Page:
1. MPGN pattern of injury is seen in complement related glomerular diseases.
2. DDD is now part of C3 glomerulopathies
3. Complement factor H antibodies, complement factor B antibodies have been associated with C3 glomerular disease since they will enhance c3 conversion and eventually affect the alternate pathway.
4. Genetic forms such as mutations in Factor H, CFHR5, C3 polymorphisms were also noted in that case.
5. It is possible that what we used to call perhaps C3 only post infectious GN or resolving post infectious GN was really C3 glomerulopathy.
6. Treatment is plasma exchange as there might be antibody that exists ( if you think there is)
7. Complement inhibition is the key- and the only drug we have is eculizumab ( 4 doses 900mg IV per week and 1200mg per week following that for 4 doses):- but expensive
8. Overall, there is a paradigm shift happening in introduction of these disorders.


eAJKD : Nephrology and the Internet


Check out the new post on eAJKD blog regarding Nephrologists and the Internet

http://ajkdblog.org/2011/11/15/the-nephrologists-and-the-internet/

Monday, November 14, 2011

Journal Club: Blocking complement prevents antibody mediated rejection in positive crossmatch living donor transplantation.


In an exciting pilot study published this month in AJT, Stegall et al. used Eculizumab, a C5 inhibitor, to prevent antibody mediated rejection (AMR) in positive crossmatch living donor transplantation.
High titers of donor specific antibody bind to the cell surface and activate complement through the classical pathway.  Cleavage of C5 precedes the formation of the MAC complex; therefore blocking C5 should inhibit complement mediated cell lysis.  Eculizumab is a monoclonal antibody FDA approved for paroxysmal nocturnal hemoglobinuria with a high affinity for C5.

The authors evaluated patients with donor specific antibody (DSA) described as a B flow cytometry crossmatch with channel shift (semi quantitative measure of antibody strength) between 200 and 450 which was confirmed by Luminex antibody analysis, against their prospective donors.  These patients were either treated with eculizumab (n=26) or a historical control from 2008 - 2010 treated with plasma exchange (n=51).  Both groups received pre-transplant plasma exchange until the channel shift was under 300.  All control patients received post transplant plasmapheresis while only 3 patients in the Eculizumab group received post transplant plasma exchange.  Patients were induced with thymoglobulin.  Protocol biopsies were performed on POD# 7, 14, 28, 90 and 365.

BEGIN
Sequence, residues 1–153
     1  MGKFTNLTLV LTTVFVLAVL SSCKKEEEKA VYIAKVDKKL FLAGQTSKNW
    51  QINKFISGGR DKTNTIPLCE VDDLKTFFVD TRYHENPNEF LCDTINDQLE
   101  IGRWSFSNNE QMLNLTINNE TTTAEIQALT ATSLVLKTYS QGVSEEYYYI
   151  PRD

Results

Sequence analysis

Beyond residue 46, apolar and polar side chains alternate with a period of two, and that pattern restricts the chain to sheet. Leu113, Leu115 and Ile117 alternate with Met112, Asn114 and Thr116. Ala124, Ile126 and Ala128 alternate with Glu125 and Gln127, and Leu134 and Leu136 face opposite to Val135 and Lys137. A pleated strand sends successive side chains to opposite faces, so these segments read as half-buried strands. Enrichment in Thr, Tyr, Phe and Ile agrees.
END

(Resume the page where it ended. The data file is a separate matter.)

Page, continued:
Eculizumab was dosed as 1200mgs prior to transplantation then 600mgs on POD 1, then weekly for 4 weeks.  At week 4 and 8 weeks crossmatch was repeated and eculizumab was stopped if B cell crossmatch channel shift was below 200.  The primary endpoint of the study was the incidence of antibody mediated rejection in the first 3 months after living donor transplantation. 
Baseline characteristics in both groups including DSA titer were similar.  The incidence of AMR in the first 3 months was 7.7% in the eculizumab group versus 41.2% in the control group, with all cases occurring in the first month.  Graft survival was 100% and 96% respectively.  A similar percentage of patients developed high DSA in both groups during the first 3 months.  All patients in the Eculizumab group had positive C4D staining on protocol biopsy compared to 91% of control patients.    Mean serum creatinine was similar in both groups however, at 1 year 6.7% patients in the eculizumab group had transplant glomerulopathy compared to 36% of control patients.  One patient in the eculizumab group with transplant glomerulopathy was on eculizumab for a full year and lost his graft in 2 years.  One patient has subclinical ACR and one patient developed Burketts lymphoma 2.5 years post transplant.
This study is a truly novel approach to positive crossmatch transplantation, and extends previous reports suggesting efficacy in treating AMR.  While most therapies aim at lowering DSA (plasmapheresis, IVIg, rituximab, velcade), eculizumab simply inhibits the effector pathway of complement.  As the authors point out the study does suffer from limitations.  They included a historical control rather than to perform a randomized trial, and the authors did not evaluate efficacy in donor recipient pairs with a CDC positive T cell crossmatch.  It is also true that despite complement blockade there were patients who still when on to develop AMR and transplant glomerulopathy.  The other obvious question is what will happen 2 or 3 years down the line after eculizumab was stopped?  In addition to therapeutic limitations, the approximate cost of a single dose of eculizumab is about $6,000 dollars making it an extremely expensive therapy.  Regardless of these limitations, this is an exciting study that will hopefully open new doors in treating antibody mediated rejection and facilitate transplantation of highly sensitized individuals.  

Ref:
Post by 
Dr.Vinay Nair
Mt Sinai, Transplant Division
New York, USA

ASN2011: Pearls on Peritoneal Dialysis


From the pre course on ASN 2011, on Dialysis Modalities

The following are different strategies to decrease risk of peritonitis; they are unrelated concepts.
 
1-Russo et al in KI did a multi center Italian study. 353 pts answered a questionnaire. 191 pts had home visits with a score card.  23% were non-compliant with exchange procedure. This was associated with increased peritonitis rates.  So it maybe worthwile retraining Pd patients for 4days yearly to decrease the risk.
 
2-Diverticulitis may be associated with increased peritonitis rates. 
 
3-Hypokalemia and constipation can cause peritonitis; Bacteria in the colon migrate across the visceral peritoneum and enter the peritoneal cavity which is filled with dialysis fluid which inhibits immune function.